The SBC did us a huge disservice by not defining the Alt Right. The more familiar one becomes with their bigotry, the more disgusting their venom. I think, however, there is a danger in all of this. Since we have left the Alt Right as an ambiguous term, we have set ourselves up for witch hunts. For instance, If I believe in a strong national defense, and in protecting our borders, am I to be branded with this label, and thereby made notorious? If I call myself a “Proud American”, then I am, by definition, a nationalist. Will that term soon become, “white-nationalist” with the passage of time? As the author points out, the “Alt Right” has far more in common with progressivism, than with true conservatism. I would welcome a clarification to the resolution. One which helps us all understand the dangers of this deceptive movement, but which does not leave those Christians who lean left, with the misunderstanding that Conservatives are hateful, or bigoted. That would seem to me to be the exact kind of Xenophobia we just denounced.

One of the reasons for such criticism is that Carter leaves the average white person in a dilemma. One the one hand, identifying as white is a sin:

White supremacy, white nationalism, and white identity are not all the same thing, but they are all equally repugnant….

At the core of the alt-right movement is idolatry—the idol of “whiteness.” In building their identity on shared genetic traits the alt-right divides humanity and leads people away from the only source of true identity: Jesus Christ.

If that is true, that even recognizing myself as white as opposed to Christian is a form of idolatry, what am I supposed to do if I am a Southern Baptist and read calls like this?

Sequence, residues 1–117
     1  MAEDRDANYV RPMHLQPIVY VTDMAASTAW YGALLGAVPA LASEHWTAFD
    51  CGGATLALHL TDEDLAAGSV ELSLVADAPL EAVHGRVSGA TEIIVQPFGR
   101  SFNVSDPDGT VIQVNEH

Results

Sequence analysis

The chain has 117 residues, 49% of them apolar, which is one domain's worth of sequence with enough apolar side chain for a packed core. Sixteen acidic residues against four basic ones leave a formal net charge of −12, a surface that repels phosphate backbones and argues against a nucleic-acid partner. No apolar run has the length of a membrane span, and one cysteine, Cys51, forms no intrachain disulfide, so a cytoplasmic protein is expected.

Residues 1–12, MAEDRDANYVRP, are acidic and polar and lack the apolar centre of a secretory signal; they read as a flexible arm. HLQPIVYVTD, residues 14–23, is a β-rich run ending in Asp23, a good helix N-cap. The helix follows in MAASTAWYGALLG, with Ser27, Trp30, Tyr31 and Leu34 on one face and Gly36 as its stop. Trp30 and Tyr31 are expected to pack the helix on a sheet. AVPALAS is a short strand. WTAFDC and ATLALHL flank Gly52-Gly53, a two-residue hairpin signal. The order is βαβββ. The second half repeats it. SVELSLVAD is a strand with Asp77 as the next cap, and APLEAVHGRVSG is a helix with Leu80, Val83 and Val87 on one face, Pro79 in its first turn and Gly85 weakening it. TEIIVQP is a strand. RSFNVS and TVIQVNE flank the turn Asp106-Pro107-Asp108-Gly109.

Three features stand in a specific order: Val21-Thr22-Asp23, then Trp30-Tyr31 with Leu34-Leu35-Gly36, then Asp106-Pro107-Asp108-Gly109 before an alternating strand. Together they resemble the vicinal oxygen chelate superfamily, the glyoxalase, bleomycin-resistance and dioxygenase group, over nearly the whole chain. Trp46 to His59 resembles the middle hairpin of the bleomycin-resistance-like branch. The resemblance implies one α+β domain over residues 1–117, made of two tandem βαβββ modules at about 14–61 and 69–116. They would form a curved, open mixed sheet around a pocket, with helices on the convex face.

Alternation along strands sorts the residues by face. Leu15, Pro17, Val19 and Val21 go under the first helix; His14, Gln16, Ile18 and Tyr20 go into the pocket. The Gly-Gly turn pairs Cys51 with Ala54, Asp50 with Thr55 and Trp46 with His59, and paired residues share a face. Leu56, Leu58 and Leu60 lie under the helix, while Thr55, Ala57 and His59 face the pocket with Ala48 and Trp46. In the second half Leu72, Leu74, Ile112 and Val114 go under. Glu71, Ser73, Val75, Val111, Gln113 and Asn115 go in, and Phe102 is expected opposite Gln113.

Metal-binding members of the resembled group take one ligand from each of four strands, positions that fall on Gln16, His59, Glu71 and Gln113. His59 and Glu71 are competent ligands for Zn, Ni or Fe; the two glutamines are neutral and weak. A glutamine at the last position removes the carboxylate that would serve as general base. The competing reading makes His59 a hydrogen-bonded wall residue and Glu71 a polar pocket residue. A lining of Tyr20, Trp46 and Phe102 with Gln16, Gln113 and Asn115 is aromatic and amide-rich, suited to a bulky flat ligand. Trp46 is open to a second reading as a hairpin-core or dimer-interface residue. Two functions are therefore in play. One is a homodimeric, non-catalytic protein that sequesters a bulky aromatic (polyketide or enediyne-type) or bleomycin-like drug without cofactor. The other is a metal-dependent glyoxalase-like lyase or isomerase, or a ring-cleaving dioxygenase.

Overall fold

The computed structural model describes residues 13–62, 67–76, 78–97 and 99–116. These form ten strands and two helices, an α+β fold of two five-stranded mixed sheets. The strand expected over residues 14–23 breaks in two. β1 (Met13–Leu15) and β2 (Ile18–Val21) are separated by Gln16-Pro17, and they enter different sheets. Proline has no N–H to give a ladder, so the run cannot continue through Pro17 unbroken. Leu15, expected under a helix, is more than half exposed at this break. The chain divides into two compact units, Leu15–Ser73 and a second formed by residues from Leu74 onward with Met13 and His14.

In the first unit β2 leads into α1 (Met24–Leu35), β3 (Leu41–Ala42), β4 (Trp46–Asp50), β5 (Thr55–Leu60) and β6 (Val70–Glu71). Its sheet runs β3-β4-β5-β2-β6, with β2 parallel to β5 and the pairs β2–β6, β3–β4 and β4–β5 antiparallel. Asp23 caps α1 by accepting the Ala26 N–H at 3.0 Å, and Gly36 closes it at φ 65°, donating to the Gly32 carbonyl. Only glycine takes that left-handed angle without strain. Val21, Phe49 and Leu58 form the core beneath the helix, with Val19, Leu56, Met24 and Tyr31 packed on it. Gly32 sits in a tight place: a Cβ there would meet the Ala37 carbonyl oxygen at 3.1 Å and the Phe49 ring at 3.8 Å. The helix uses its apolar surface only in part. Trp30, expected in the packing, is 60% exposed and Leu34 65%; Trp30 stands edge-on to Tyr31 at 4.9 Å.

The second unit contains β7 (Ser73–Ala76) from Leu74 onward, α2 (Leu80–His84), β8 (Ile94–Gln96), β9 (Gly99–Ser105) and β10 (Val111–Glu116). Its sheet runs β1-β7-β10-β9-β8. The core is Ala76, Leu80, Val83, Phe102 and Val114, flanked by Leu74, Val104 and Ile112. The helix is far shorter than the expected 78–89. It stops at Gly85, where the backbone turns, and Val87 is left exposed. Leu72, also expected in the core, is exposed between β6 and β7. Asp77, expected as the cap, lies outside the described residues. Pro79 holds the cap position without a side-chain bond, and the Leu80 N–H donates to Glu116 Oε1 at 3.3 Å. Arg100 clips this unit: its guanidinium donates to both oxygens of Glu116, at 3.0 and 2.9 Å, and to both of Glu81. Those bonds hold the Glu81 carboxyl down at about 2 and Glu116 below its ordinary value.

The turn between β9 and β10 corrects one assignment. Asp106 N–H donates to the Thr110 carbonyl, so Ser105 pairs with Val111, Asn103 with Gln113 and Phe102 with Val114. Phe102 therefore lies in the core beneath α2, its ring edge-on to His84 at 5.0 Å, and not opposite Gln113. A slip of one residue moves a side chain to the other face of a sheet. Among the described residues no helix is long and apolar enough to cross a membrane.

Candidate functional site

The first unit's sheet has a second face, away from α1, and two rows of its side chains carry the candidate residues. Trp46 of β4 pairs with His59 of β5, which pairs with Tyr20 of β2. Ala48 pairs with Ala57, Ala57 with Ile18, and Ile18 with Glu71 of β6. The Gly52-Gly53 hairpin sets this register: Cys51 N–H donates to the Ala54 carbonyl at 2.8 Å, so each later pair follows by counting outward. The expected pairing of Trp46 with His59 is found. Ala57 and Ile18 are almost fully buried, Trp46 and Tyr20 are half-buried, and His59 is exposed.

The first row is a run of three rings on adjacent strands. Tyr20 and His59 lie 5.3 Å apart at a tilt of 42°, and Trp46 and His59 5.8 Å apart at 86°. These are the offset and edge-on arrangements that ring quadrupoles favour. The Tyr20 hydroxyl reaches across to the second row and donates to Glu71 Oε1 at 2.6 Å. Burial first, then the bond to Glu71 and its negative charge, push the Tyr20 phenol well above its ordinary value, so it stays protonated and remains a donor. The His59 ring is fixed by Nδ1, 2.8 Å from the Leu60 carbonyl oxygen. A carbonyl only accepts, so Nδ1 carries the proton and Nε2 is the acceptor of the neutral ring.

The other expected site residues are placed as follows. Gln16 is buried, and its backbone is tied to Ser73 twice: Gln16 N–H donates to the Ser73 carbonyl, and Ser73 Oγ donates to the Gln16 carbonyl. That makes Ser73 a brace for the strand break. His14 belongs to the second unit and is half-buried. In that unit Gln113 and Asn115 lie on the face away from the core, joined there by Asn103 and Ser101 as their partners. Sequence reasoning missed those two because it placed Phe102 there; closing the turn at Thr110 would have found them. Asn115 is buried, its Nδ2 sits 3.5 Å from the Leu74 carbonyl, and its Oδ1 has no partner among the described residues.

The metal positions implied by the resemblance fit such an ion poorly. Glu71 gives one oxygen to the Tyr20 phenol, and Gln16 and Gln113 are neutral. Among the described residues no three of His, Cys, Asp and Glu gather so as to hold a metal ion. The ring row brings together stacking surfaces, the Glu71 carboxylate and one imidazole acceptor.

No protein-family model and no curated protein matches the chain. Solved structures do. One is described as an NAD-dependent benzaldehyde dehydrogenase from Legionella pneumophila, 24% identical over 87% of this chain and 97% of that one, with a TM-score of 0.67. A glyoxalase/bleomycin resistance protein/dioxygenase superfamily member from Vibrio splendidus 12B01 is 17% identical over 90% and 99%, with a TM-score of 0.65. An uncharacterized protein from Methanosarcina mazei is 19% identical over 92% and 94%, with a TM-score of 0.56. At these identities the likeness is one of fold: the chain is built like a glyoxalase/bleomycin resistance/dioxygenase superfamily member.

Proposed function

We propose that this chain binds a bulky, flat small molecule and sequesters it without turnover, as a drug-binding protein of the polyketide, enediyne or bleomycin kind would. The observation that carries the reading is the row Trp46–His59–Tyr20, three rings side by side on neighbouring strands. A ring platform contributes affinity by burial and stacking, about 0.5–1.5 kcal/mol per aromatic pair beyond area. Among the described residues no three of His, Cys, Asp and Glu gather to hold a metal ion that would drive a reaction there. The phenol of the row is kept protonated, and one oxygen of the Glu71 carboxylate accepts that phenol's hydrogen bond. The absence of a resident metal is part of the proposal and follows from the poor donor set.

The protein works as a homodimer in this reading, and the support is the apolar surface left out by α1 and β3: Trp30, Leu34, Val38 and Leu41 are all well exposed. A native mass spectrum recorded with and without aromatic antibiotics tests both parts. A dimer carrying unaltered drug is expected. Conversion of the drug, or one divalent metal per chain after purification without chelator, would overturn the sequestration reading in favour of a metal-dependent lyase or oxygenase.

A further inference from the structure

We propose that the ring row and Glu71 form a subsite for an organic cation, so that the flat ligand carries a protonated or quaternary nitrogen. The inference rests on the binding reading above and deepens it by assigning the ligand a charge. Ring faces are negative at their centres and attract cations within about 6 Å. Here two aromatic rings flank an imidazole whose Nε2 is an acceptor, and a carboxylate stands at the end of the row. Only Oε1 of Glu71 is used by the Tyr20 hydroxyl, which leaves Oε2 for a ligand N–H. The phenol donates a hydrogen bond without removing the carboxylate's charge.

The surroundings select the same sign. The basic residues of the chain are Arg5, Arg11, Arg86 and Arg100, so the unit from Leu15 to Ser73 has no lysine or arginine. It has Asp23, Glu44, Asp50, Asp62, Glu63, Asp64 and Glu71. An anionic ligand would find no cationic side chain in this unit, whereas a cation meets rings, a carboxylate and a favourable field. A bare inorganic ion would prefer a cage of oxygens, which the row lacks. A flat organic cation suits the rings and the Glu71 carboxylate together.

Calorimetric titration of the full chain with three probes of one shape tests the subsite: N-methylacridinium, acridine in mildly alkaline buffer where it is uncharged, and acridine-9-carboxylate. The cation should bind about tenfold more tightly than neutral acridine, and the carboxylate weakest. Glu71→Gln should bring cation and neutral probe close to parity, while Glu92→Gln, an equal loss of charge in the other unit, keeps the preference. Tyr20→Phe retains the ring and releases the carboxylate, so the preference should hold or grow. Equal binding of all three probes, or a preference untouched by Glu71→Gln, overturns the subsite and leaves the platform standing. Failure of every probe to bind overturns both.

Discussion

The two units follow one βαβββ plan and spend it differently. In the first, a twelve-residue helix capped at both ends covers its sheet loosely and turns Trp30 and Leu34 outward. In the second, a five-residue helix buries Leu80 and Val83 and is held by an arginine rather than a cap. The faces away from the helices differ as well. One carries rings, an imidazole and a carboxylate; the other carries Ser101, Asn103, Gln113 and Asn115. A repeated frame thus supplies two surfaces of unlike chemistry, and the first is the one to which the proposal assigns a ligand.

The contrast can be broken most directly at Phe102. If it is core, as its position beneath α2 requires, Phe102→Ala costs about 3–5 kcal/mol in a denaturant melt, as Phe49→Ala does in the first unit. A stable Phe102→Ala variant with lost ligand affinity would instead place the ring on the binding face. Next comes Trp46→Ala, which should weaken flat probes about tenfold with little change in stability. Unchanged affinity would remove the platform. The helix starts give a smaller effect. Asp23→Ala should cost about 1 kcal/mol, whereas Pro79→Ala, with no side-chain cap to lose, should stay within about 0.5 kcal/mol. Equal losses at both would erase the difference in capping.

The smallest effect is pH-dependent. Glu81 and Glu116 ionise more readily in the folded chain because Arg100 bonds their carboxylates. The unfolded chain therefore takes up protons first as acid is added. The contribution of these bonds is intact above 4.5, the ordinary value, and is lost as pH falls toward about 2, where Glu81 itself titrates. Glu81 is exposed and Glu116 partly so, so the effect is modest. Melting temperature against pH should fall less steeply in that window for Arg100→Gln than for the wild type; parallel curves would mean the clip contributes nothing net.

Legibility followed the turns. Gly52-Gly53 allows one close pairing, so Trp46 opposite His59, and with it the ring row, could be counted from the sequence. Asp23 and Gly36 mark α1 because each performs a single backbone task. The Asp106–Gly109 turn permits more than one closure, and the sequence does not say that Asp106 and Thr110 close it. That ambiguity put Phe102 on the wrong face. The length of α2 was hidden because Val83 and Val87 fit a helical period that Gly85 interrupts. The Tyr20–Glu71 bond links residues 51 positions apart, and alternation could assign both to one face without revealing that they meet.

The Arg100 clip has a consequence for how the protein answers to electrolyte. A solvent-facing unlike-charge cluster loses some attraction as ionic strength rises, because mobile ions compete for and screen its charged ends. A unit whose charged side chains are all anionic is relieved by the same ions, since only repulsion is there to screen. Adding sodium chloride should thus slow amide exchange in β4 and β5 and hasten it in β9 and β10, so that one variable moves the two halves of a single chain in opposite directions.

White leadership must be vigilant in yielding the floor to black voices, black language, and black tone on this issue in particular, regardless of perceptions or consequences. Right is right and it often takes authentic voices and types of expression to rightly convey it. Jesus said that if you enter a banquet do not seat yourself at the head of the table but at the foot. It is time for white leadership in the SBC to sit at the foot of the table and learn from their African American brothers and sisters how to rightly oppose racial injustice in this country. Including allowing for language and tone that may at times be uncomfortable.

Do I get to ignore this because I say I’m not white but a Christian? Or do I have to look around the room at skin color and come clean that I am white and so need to take a back seat to people of color? At that point, have I not committed the sin of idolatry by identifying as white? Something along the lines of doubly damned comes to mind.